filter: "contains",
        suggest: true,
        placeholder: "Please select the service category..."
    });

    /** Set the width and margin **/
    $("#serviceCategoryInput").parent().css('width', "400px");
    $("#serviceCategoryInput").parent().css('margin', "10px");

    $("#serviceInput").kendoComboBox({
        // The string associated with the cascadeFrom element must match
        // the name of the control in the HTML that is the parent control.
        cascadeFrom: "serviceCategoryInput",

        // The cascadeFromField must match one of the values in the data source
        // from the parent control.
        cascadeFromField: "serviceCategoryId",

        // The dataTextField and dataValueField names must match a name in the JSON
        // in the data source.
        dataTextField: "service",
        dataValueField: "serviceid",
        dataSource: [
            { service: "Wash & Rinse", serviceid: 1, serviceCategoryId: 1},
            { service: "Wash, Rinse & Blast", serviceid: 2, serviceCategoryId: 1 },
            { service: "Standard", serviceid: 3, serviceCategoryId: 2 },
            { service: "Two Day", serviceid: 4, serviceCategoryId: 2 },
            { service: "Overnight", serviceid: 5, serviceCategoryId: 2 }
        ],
        filter: "contains",
        suggest: true,
        placeholder: "Please select the service..."
    });

    /** Set the width and margin **/
    $("#serviceInput").parent().css('width', "400px");
    $("#serviceInput").parent().css('margin', "10px");
});

Once you put all that together, it should run. Hopefully it helps on two fronts: one, a working example of a cascading combo box and insight on where string values must match when creating the cascading combo box.

Using ASP.NET Web API with KendoGrid

February 27th, 2014

To use ASP.NET MVC with KendoUI, you have two options: 1) Use the MVC Server Wrappers, which are quite handy or 2) Use JavaScript. I’ve used the KendoUI Grid with the MVC server wrappers, but wanted to switch to an HTML Grid and JavaScript, and leverage the Web API to return the data in JSON format for a new project.

There are decent examples on the KendoUI site for binding the grid to local data and remote data (using ODATA), but there wasn’t much in the way of examples using the Web API, especially with support for server-side sorting, paging and filtering. I did manage to find a good post on Using KendoUI with ASP.NET Web API by the Kendo Team (well worth a few minutes of your time), but ran into issues binding, sorting and filtering the grid, which is what I will address with this post.

When server-side paging, sorting and filtering are enabled, Kendo passes the appropriate parameters to the controller as shown in Figure 1.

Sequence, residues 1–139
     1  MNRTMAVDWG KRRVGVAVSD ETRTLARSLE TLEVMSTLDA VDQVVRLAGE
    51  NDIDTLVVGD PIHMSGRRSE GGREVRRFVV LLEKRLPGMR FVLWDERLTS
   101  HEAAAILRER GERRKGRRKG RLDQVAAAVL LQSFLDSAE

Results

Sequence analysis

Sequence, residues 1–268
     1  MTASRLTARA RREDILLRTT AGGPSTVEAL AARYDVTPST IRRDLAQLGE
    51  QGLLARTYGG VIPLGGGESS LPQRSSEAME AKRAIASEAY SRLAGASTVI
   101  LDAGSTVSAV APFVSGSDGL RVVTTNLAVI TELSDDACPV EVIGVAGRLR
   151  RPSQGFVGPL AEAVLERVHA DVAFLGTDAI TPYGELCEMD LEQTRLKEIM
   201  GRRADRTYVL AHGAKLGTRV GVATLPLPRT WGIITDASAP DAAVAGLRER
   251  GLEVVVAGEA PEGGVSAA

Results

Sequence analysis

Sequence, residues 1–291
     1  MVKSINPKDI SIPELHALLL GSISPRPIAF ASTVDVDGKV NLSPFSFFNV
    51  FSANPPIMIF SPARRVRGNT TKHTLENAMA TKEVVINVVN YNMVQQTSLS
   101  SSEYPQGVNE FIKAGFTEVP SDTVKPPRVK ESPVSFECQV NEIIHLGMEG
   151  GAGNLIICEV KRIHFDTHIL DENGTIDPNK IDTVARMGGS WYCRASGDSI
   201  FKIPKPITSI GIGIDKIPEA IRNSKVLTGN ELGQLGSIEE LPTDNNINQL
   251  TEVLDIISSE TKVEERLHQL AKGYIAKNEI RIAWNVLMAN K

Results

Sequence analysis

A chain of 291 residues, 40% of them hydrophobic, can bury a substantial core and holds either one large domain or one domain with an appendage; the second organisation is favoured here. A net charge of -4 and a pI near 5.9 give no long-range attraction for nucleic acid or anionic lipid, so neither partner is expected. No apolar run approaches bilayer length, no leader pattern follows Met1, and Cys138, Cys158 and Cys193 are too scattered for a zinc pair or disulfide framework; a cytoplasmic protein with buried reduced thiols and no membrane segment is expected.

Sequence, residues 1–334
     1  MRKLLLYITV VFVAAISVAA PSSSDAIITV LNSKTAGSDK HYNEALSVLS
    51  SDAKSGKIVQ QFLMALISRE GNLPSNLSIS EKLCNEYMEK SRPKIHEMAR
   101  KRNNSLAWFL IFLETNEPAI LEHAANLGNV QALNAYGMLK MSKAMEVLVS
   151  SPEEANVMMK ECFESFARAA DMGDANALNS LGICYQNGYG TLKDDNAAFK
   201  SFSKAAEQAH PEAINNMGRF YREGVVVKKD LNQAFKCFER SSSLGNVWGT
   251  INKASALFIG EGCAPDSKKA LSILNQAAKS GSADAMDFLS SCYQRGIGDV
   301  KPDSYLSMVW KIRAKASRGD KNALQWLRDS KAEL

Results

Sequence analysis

Figure 1. Ajax KendoGrid request parameters

If you are using MVC, Telerik provides a DataSourceRequest class in the Kendo.Mvc.dll which handles the parameter binding for you. However, with the Web API, the controllers work differently from MVC controllers in many ways, especially with parameter binding. As a workaround to the problem Telerik provided a custom ModelBinder for the DataSourceRequest class for Web API (mentioned in the above post) called DataSourceRequestModelBinder.cs which you can get from the Kendo UI Code Library.

With the model binder change in place, my Web API controller looks like Listing 1 below. I am using the Chinook sample database and Dapper to retrieve customer data just to keep things simple as the data access option isn’t important.

public DataSourceResult Get([ModelBinder(
    typeof(DataSourceRequestModelBinder))] DataSourceRequest request)
{
    var db = new SqlConnection(ConfigurationManager
                     .ConnectionStrings["Development"].ConnectionString);
    var customers = db.Query<Customer>(@"
        SELECT  customerid, firstname, lastname, company, address, city
                ,state, postalcode, phone, email
        FROM    dbo.customer
        ORDER   BY lastname"
    );
    return customers.ToDataSourceResult(request);
}

Listing 1. CustomerController Get() method

 

The markup is very basic with just the appropriate CSS and JavaScript references and a div to house the Kendo grid.

<!DOCTYPE html>
<html>
  <head>
    <title>HTML K-Grid w/WebApi</title>
    <link href="Content/kendo.common.min.css" rel="stylesheet" />
    <link href="Content/themes/base/kendo.default.min.css" rel="stylesheet" />
    <link href="Content/site.css" rel="stylesheet" />
    <script src="Scripts/modernizr-2.6.2.js"></script>
  </head>
  <body>
    <div id="Grid"></div>

    <script src="Scripts/jquery-1.8.2.js"></script>
    <script src="Scripts/kendo.web.min.js"></script>
    <script src="Scripts/kendo.aspnetmvc.min.js"></script>
    <script src="Scripts/customer.js"></script>
  </body>
</html>

Listing 2. customer.html

 

The related customer.js file that sets up the grid and handles the Ajax call is fairly simple as well with a dataSource, schema and columns defined. Paging, filtering and sorting are enabled.

$(function () {
    $("#Grid").kendoGrid({
        dataSource: {